Assassin’s Creed: The Ezio Collection Review

Assassin's Greed

by on November 29, 2016
Details
 
Developer
Publisher
Reviewed On
Release Date

November 22, 2016.

 
You have to wonder sometimes if developers just have too much time on their hands. Maybe Ubisoft are simply trying to keep the dream alive until the next full-bodied Assassin’s Creed is ready, or maybe they’re just trying to shift a few units while everyone is talking about Michael Fassbender’s upcoming adaptation. Either way, it’s probably not hugely unfair to say that the remaster of the Ezio Trilogy feels a bit, well, pointless.

Now, arguably, these are the most popular titles in the franchise. I personally favour Black Flag and Syndicate over the rest of the series, but I have always had a soft spot for Ezio Auditore de Firenze and his roguish Italian charm. Assassin’s Creed II will always be remembered as the game when I really took notice of Ubisoft, as it was the first time I’d ever seen a developer really pay attention to what the players said and improve a sequel accordingly. Well now they’ve packaged ACII, Brotherhood and Revelations together in one collection and let them loose on PS4 and Xbox One, and the result, to coin a cliché, is a bit of a mixed bag.

ACEC_Screenshot_03_PR_161117_3pm_CET_1479377095

I didn’t want to be that guy, but that ship has already sailed, so I’ll say fairly candidly here that playing through Assassin’s Creed II again now, even with “enhanced visuals”, is not all that much fun. It’s glitchy, the collision detection is atrocious, Ezio likes to spoon off to the left when I try to climb a shoulder-high wall; the combat feels incredibly repetitive, and you can’t skip the interminable cutscenes. Don’t get me wrong, I loved this game when it was released, and I love the memory of it, but I’d sooner it had remained a memory.

The plot is well-acted, the story compelling and the setting wonderfully realised, but it feels slow and imprecise, and no amount of re-skinning will change that. There’s also a new issue where the contrast is so high that certain characters look like they’ve had their teeth and eyes bleached. It doesn’t look as comically bad as some of the photoshopped YouTube videos doing the rounds, but it is distracting to say the least.

ACEC_Screenshot_02_PR_161117_3pm_CET_1479377094

Brotherhood fares better visually, but feels no less buggy and glitchy. During the opening race from the authorities alongside Ezio’s uncle Mario, the elder gent kept disappearing, or would suddenly be without his outer coat. Sometimes he simply glitched up walls in front of me. I know it’s easier said than done to fix many of these issues, but I don’t remember Brotherhood being this bad in the first place; it actually feels as though Ubisoft has accidentally edited errors into it.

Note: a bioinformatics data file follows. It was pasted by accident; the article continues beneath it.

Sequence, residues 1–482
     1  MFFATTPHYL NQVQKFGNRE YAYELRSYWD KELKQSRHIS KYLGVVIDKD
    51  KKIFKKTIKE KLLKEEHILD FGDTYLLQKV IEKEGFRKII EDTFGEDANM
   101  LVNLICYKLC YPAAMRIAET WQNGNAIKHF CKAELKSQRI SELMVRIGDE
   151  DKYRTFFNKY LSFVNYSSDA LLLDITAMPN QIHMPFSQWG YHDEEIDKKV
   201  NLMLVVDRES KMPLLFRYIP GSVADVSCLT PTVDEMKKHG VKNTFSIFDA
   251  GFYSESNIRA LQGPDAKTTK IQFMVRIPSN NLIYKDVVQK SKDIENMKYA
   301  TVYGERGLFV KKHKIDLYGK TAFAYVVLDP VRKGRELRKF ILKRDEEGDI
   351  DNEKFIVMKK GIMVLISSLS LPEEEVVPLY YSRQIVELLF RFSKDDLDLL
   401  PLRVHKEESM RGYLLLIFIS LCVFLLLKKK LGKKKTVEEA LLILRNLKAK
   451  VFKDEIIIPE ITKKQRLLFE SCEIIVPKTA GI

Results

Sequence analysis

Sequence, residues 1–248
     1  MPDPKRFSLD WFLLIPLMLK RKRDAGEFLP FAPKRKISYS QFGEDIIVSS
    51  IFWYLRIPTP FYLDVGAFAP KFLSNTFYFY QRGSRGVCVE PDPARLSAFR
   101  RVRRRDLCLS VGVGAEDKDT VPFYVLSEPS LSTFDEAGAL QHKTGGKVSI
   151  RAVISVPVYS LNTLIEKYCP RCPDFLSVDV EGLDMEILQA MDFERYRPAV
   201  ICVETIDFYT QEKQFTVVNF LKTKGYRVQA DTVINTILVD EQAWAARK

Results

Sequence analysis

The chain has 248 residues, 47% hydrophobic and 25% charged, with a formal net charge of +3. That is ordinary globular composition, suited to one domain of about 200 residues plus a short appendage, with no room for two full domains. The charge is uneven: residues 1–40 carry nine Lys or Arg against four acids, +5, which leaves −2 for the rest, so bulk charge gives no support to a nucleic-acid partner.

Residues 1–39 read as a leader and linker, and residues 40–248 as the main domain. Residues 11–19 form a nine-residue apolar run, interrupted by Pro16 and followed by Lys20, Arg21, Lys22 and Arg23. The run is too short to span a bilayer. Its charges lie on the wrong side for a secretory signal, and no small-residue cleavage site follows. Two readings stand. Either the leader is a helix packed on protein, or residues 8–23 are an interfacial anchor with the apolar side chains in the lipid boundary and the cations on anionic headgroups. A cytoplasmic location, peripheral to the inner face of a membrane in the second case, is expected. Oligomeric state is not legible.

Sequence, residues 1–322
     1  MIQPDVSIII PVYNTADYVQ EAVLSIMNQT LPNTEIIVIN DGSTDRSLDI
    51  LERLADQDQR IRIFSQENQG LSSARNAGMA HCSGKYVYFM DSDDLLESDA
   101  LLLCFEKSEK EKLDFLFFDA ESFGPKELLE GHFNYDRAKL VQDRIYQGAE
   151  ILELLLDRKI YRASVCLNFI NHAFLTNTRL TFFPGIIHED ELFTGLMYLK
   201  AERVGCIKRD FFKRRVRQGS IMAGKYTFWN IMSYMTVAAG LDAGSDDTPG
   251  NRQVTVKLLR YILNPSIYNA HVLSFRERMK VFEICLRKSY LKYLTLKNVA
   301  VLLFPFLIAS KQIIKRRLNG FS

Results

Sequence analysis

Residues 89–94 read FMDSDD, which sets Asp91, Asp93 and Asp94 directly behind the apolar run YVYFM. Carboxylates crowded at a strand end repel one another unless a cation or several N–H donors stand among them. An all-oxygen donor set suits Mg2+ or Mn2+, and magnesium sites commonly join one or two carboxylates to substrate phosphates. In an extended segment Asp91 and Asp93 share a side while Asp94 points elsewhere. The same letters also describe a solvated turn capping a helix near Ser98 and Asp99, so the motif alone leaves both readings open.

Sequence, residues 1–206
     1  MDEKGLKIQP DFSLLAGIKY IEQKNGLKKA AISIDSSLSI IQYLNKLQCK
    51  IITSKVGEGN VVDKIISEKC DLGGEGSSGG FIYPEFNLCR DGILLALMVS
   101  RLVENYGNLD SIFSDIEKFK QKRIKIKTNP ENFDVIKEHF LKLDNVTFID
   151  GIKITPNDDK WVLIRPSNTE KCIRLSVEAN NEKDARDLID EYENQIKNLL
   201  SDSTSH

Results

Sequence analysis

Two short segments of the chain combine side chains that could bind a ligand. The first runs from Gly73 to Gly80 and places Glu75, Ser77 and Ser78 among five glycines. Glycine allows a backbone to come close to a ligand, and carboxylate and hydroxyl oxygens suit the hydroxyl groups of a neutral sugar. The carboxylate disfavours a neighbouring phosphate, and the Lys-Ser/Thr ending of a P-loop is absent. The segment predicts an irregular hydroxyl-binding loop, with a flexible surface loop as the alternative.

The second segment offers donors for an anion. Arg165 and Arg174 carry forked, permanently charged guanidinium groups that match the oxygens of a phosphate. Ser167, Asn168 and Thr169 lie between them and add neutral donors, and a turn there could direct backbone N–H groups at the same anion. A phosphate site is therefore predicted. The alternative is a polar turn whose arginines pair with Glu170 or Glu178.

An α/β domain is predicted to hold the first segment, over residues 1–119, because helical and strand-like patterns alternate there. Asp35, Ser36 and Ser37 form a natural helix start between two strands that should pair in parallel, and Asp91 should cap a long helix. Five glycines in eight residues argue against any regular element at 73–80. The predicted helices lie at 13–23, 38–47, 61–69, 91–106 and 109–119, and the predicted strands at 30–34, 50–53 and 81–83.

As a game, it’s still excellent, though it suffers from similar problems to ACII, in that it feels dated now. Hit detection in combat feels off, although the fancy execution moves are plentiful and always satisfying. There’s more to Brotherhood, though, more to do and more to unlock, and so its shortcomings are easier to swallow.

Revelations, on the other hand, has managed to hold its quality fairly well. Noticeably more technically proficient than its elder siblings, the third game sees a grizzled, much older, Ezio unite with his ancestor Altair to finally discover the secrets of Those That Came Before and understand exactly what the Apple of Eden is.

ACEC_Screenshot_01_PR_161117_3pm_CET_1479377093

It’s also the culmination of Desmond Miles’ story, which began in the first game. For those who don’t remember when Assassin’s Creed was set half in modern-day America, Desmond is the descendant of Altair and Ezio who is kidnapped by Abstergo and forced to use the Animus to reconnect with his ancestors, live their memories and discover their secrets. At the beginning of ACII, he escapes with the help of thoroughly modern assassin Lucy and goes on the run with a few plucky rebels (including the world’s biggest douchebag, Shaun Hastings) with a portable Animus. The story continues through the next two games, concluding Desmond’s sometimes meandering tale and mercifully putting an end to the majority of the franchise’s time-hopping shenanigans.

The Ezio Collection also ships with The Lost Archive DLC for Revelations, which features mysterious antagonist Clay Kaczmarek, the guy Abstergo put into the Animus before Desmond and who literally lost his mind in the program. It’s a dull, first-person platforming exercise that doesn’t really add much to the overall experience, but it’s nice to have it included.

If I’ve come across as really negative here, I didn’t mean to, but I, like many, have incredibly fond memories of the Ezio Trilogy, and it feels like they’ve been given a bit of a kicking here. Revelations feels largely untouched, while ACII feels ancient and Brotherhood appears to be glitchier than it was before. If you’ve never played any of these and you’re a fan of the franchise as it exists now, you may be a little disappointed. If you’ve played them before now, then this collection is hard to recommend as you probably played the definitive versions on release.

patreon
Pin It

Positives

Brotherhood and Revelations are still very good

Negatives

Assassin’s Creed II hasn’t aged all that well
Feels a bit pointless

Editor Rating
 
Our Score
6.0

SCORE OUT OF TEN
6.0


In Short
 

An arbitrary remaster collection that fails to do justice to the memory of the originals.